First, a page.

Photo credit: Skip Willets , 1991

Property Name: Baltimore Light Station
Date Listed: 12/2/2002
Inventory No.: AA-945
Location: Chesapeake Bay, Gibson Island vic., Anne Arundel County

Description: The Baltimore Light Station consists of a wooden caisson, which supports a round 30-foot-diameter cement-filled cast-iron cylinder painted red, upon which rests a brick 2 1/2-story 38-foot-tall, octagonal-shaped brick quarters painted white, with a mansard roof surmounted by a one-story black iron lantern. As is the case with caisson-type lighthouses, it is an integral station, i.e., the keeper's quarters, fuel storage areas, and lantern room are part of the same structure. The first two stories are masonry, and the upper 1/2-story is a wooden mansard roofed watch room. The combination dwelling and lantern have elements of the Second Empire architectural style. At the top of the first level is a single corbeled brick belt, followed by two normal belts, and then two additional corbeled belts. At the top of the second level and just below the mansard roof are three corbeled belts. Fenestration consists of an entrance door on the east and west side with a single window above on the second level. The door on the west side is made of 3-inch sheet iron. The doorway on the east side has been filled with concrete block. There are pairs of windows on the first and second levels of the north and south sides. All the windowsills and window and door lintels are made of cut granite. The original 6/6 sash windows have been removed and replaced with louvered acrylic sheets. There is a gable-roofed dormer window on the north, south, east and west sides. The dormers were removed, probably in 1988, and rebuilt in 1992. The lens is a 250mm acrylic lens, serial number 90521, with a red sector. It is powered by a single solar panel mounted on the upper gallery rail on the south side. The pedestal for the original fourth-order lens is still being used. Baltimore Lighthouse was outfitted with a fog bell signal when first built, but it was replaced with a foghorn sometime before 1923. In preparation for automation, the illuminant was changed from oil to acetylene and the clock-operated fog signal discontinued and was replaced by a fog bell Buoy 6C on May 1, 1923. The Baltimore Lighthouse is located in 24 to 29 feet of water on the western edge of the main ship channel at the mouth of the Magothy River marking the south entrance to Craighill Channel, northern Chesapeake Bay, near Gibson Island. Owned and managed by the U.S. Coast Guard in District 5, access to the lighthouse is via boat.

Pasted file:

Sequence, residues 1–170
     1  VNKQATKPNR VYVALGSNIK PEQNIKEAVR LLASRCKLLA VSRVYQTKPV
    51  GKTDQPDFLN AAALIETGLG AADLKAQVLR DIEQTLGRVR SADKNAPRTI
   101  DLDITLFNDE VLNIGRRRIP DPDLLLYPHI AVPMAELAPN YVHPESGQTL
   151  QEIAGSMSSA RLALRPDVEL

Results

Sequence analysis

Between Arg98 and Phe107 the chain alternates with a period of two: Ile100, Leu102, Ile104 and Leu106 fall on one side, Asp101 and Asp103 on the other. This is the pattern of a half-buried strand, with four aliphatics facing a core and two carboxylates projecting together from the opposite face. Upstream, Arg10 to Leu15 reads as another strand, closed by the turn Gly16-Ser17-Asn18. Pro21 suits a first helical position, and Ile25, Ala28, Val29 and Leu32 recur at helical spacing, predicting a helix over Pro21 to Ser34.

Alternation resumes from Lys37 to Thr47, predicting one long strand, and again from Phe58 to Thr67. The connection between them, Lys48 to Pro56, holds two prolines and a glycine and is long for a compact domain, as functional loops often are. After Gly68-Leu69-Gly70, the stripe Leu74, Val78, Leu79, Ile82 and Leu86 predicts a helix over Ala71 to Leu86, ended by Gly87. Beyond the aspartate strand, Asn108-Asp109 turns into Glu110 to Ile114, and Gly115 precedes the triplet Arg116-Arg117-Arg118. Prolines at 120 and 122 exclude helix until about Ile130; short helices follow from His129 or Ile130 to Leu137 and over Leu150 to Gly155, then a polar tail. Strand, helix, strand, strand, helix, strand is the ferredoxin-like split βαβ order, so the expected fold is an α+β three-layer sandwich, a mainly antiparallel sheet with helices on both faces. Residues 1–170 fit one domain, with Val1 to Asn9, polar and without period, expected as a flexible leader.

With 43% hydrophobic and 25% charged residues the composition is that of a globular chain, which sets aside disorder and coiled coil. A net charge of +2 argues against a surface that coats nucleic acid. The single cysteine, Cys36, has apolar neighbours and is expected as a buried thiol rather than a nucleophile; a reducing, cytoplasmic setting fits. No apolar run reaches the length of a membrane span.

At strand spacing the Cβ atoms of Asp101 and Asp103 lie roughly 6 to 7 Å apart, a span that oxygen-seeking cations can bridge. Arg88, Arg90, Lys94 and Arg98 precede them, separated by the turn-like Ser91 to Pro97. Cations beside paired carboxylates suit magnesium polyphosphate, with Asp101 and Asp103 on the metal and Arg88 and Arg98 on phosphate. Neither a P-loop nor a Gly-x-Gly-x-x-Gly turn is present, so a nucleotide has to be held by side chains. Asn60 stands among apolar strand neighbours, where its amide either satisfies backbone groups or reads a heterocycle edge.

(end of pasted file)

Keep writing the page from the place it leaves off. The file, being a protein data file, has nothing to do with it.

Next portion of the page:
Significance: Baltimore Lighthouse was the last lighthouse built in the Chesapeake Bay, completed in 1908, 28 years after it was first requested. It was the largest wooden caisson built in the United States, perhaps in the world, when built, and it was the deepest caisson to be sunk in the United States. Baltimore Light Station is significant for its association with federal governmental efforts to provide an integrated system of navigational aids and to provide for safe maritime transportation in the Chesapeake Bay, a major transportation corridor for commercial traffic from the early 19th through 20th centuries. Of the eleven pneumatic caisson lighthouses built in the United States, seven were built in the Chesapeake Bay; three were built in the Virginia portion of Chesapeake Bay (Wolf Trap Lighthouse, 1894, Smith Point Lighthouse, 1897, and Thimble Shoal Lighthouse, 1914) and four in the Maryland portion of Chesapeake Bay (Solomons Lump Lighthouse, 1895, Hooper Island Lighthouse, 1902, Point No Point Lighthouse, 1905, and Baltimore Lighthouse, 1908). Baltimore Light Station was the first and only nuclear powered lighthouse in the United States, being the site of a Coast Guard experiment in May of 1964. A 4,600-pound SNAP-7B Strontium-90 powered 60-watt isotopic fuel cell generator was installed by crane from a Coast Guard buoy tender and passed through the east doorway on a trolley platform. The atomic powered generator, smaller than a 55-gallon drum, was housed in a specially constructed heavy steel box. The test ran for a year and upon completion the nuclear equipment was removed and nuclear power has not been attempted since. A Geiger counter test detected no nuclear contamination.




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